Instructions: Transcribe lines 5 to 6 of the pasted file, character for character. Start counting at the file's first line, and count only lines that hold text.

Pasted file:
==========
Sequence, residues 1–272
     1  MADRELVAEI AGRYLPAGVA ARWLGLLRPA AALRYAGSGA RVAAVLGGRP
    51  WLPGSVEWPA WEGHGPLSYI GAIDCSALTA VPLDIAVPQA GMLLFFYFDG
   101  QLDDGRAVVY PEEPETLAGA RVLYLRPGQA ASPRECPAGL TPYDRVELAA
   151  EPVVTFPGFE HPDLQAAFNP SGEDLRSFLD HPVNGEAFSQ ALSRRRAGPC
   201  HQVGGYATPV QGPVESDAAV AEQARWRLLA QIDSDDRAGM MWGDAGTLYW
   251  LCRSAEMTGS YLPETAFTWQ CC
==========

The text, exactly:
   151  EPVVTFPGFE HPDLQAAFNP SGEDLRSFLD HPVNGEAFSQ ALSRRRAGPC
   201  HQVGGYATPV QGPVESDAAV AEQARWRLLA QIDSDDRAGM MWGDAGTLYW